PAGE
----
It was during my postdoctoral research in Indonesia, while studying Bornean orangutans, that I began to unravel how they can survive when faced with such extreme environmental variation, both natural and as a result of the destruction of their habit by industries and threats linked to climate change.

I’ve now worked at the same field site for the past 20 years, as a co-director of the Tuanan Biological Research Station, trying to understand how a highly variable and unpredictable environment and disturbances caused by humans influence the feeding behavior, nutrition, energetics, and consequential health of wild orangutans.

Together with my Indonesian colleagues and the many graduate and undergraduate students I have had the privilege of working with, we are beginning to unravel how variation in macronutrient intake can have profound effects on body composition, immunity, and overall health in one of our closest living relatives. My biggest joy now is being able to take trainees into the field with me and share this amazing place with undergraduate and graduate students, and postdoctoral fellows that I have had the privilege of working with and exploring biological questions with over the years.

After a Detour to Start a Family, Astronomer Now Serves as Mission Head for Newest NASA Telescope

Kristen McQuinn
Assistant Professor Department of Physics and Astronomy
School of Arts and Sciences
Rutgers-New Brunswick

My story goes all the way back to high school. I had this phenomenal high school physics teacher. It all just clicked. I started as a physics major at Lehigh University, but I switched to engineering when I was advised that it would be easier to find a job. After graduation, I worked as an engineering intern and decided not to continue that path.

I took a corporate consulting job, which at the time defined success for me. I worked there in different roles for about ten years. I did well, but I didn’t feel as though I was thriving.

I started reading astrophysics books at night. I was exposed to astronomy news coming from NASA and the study of the universe was fascinating to me. I revisited the advice I had received in college and decided to turn it around. There might be few jobs in physics. But all I had to do was get that one job.

I started in a doctoral program in astrophysics [the branch of astronomy that applies the laws and theories of physics to astronomical observations] and realized how much I loved it. Two years in, about to give birth to my first child, I decided to step away from academics temporarily. I had two children and then was accepted back at a different university to continue my doctoral studies. My husband had a very time-intensive job, so I was fortunate to be able to continue my studies part-time. When the children grew older, I became a full-time postdoctoral scholar, and then worked my way up in the academy.

Now, I’m where I want to be. I’m a faculty member in the physics and astronomy department at Rutgers and mission head of the science operations center for NASA’s next flagship telescope, the Nancy Grace Roman Space Telescope.

Ecologist Who Finished Her Ph.D. While Raising a Toddler Encourages Women to Never Give Up

Angélica L. González
Associate Professor and Biology Graduate Program Director
Department of Biology and Center for Computational and Integrative Biology

I have been interested in science for as long as I can remember. My parents nurtured in us the spirit of curiosity and a fascination for the natural world. I also got to discover the world through visits to diverse museums and reading books that our parents bought us. One of these books was Twenty Thousand Leagues Under the Sea by Jules Verne. I remember being fascinated by the adventures of the Nautilus travelling through the world’s seas and finding amazing deep-sea creatures.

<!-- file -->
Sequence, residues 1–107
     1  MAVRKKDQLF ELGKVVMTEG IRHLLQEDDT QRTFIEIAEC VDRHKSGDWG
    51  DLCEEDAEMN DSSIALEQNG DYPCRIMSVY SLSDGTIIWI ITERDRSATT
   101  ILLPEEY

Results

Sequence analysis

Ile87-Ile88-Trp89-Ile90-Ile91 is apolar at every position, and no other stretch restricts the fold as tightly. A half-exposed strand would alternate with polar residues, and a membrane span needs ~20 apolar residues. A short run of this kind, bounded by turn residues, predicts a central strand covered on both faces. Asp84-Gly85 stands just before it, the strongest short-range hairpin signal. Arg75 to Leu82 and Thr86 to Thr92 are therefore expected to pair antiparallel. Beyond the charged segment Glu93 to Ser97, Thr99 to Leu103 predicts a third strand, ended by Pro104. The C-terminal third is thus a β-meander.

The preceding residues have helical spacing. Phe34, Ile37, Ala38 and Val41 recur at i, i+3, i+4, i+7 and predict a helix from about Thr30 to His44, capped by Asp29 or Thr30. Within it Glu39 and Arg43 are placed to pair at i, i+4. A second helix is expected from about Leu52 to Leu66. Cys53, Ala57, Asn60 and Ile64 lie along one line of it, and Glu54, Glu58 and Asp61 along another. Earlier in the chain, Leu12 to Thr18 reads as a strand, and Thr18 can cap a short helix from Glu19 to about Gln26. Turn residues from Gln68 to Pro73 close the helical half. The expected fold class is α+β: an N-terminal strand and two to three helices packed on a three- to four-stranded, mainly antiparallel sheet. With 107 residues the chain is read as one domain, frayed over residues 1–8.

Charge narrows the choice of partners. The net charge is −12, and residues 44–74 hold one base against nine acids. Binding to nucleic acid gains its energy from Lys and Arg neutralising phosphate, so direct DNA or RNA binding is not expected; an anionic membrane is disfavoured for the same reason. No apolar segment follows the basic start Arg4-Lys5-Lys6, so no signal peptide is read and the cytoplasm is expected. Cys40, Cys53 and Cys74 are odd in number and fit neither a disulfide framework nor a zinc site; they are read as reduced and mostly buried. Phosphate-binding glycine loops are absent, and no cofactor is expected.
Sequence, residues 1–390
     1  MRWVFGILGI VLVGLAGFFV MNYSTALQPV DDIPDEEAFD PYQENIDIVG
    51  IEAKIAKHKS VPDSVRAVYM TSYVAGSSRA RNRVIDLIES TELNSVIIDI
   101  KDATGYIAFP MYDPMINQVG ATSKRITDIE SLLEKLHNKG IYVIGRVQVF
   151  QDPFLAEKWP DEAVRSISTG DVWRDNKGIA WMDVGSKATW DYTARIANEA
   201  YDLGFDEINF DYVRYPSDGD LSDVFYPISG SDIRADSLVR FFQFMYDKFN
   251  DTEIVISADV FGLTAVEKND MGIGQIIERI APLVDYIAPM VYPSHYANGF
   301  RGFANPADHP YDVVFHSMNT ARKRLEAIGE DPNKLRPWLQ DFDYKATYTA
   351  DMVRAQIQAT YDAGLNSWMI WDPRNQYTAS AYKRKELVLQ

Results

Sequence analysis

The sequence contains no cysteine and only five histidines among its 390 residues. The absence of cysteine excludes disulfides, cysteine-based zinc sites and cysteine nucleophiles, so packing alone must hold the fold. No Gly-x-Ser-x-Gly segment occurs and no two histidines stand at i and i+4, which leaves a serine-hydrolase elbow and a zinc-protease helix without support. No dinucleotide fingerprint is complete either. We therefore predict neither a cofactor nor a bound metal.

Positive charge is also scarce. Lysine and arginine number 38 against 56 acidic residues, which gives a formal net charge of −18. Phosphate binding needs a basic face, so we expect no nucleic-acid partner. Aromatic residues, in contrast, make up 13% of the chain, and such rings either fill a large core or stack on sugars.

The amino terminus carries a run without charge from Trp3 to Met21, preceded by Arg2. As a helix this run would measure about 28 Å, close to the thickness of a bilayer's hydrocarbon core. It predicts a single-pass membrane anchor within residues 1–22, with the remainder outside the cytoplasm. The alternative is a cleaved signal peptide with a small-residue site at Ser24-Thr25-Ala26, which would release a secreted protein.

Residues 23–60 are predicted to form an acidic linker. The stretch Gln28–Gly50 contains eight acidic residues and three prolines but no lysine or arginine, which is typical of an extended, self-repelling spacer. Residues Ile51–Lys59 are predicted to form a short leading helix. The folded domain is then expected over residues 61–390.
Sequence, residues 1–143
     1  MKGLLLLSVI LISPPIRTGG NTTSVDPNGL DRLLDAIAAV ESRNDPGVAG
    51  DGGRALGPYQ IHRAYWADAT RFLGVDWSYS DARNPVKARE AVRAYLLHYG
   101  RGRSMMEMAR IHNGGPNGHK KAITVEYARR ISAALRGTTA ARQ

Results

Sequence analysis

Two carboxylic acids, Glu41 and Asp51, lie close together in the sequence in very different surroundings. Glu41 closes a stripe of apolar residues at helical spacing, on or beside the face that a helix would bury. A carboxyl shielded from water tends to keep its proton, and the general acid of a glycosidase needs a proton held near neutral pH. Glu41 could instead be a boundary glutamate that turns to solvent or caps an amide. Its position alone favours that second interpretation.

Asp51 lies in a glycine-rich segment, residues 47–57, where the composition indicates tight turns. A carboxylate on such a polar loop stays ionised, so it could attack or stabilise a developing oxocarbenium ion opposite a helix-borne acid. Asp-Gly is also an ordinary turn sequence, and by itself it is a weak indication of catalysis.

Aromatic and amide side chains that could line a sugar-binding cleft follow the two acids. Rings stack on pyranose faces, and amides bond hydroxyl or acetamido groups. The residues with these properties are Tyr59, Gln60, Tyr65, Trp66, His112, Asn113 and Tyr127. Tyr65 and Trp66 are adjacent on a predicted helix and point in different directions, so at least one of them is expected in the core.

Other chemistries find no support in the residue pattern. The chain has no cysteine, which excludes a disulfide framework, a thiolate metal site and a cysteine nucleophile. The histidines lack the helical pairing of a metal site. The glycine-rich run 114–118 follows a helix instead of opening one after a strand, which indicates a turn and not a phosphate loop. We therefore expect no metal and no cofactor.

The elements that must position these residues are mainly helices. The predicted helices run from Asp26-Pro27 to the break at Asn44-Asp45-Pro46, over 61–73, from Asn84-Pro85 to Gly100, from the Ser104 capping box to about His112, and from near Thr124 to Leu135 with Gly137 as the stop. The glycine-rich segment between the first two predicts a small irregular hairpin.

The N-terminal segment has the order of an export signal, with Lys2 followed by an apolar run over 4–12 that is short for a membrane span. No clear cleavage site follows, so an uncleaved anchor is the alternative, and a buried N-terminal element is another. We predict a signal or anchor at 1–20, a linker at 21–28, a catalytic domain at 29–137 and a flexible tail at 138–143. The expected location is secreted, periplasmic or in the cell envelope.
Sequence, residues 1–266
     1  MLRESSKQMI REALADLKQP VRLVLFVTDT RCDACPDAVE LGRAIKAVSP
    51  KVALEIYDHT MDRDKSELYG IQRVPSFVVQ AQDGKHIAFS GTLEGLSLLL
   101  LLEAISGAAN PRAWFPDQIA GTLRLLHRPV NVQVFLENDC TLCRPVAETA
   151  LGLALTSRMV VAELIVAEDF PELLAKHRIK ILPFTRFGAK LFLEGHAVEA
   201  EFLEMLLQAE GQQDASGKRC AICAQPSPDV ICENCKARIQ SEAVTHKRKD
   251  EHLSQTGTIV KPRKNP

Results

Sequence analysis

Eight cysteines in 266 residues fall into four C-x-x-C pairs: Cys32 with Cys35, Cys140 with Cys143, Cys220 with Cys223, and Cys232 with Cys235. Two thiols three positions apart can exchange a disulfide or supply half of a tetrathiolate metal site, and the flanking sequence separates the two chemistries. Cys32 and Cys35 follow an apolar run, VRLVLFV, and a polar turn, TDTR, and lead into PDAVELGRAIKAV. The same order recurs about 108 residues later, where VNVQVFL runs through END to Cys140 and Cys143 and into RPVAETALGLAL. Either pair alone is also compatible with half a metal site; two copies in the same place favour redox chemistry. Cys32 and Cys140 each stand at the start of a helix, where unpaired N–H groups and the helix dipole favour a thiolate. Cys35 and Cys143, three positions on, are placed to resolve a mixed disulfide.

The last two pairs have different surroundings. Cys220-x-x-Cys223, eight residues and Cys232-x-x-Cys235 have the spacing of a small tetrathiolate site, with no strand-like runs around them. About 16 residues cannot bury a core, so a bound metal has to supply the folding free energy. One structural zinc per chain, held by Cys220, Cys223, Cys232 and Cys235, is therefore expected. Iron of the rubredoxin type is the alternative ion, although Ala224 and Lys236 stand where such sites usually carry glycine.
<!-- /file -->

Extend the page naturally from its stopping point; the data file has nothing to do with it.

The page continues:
As a kid, however, I was not aware of a branch of biology called ecology. It was not until my sophomore year, when I took a class in ecology that blew my mind and was fundamental in me becoming an ecologist. I felt in awe learning about the diversity of ecological phenomena, their complexity, and their resilience as well as their vulnerability to rapid changes in the environment; all that understanding grounded on empirical evidence. After that I knew I wanted to follow a path in academia, become a scientist, and help advance our understanding of ecological systems. I got a master’s in zoology, later a Ph.D in ecology and two postdoctoral positions before joining the faculty at Rutgers.

My biggest accomplishment is when I earned my Ph.D. The journey was not easy as I was at the same time raising a toddler. The process requires years of dedication, perseverance, and rigorous as well as time-consuming research with little schedule flexibility. The exhaustion due to chronic sleep deprivation was at times so intense that it was hard to function properly. In the end, I emerged victorious in my pursuit of knowledge and academic excellence. The journey was a transformative experience that presented me with an opportunity to grow, develop unwavering determination, and build a resilient mind. Despite this sense of accomplishment, I still feel guilt for the innumerable hours I took away from my child and dedicated to my research.

I think it is crucial that we increase the number of women in biology, but this issue goes beyond just a numbers game. Everybody should have a shot at bringing their unique perspectives and brilliant ideas to research in biology. I want to tell women to explore multiple possibilities early in their careers, to challenge themselves and learn something new every day, to foster their curiosity, to not give up despite the obstacles, to seek mentorship and guidance, to help break down barriers, and to never ever doubt that their success is due to their own merits.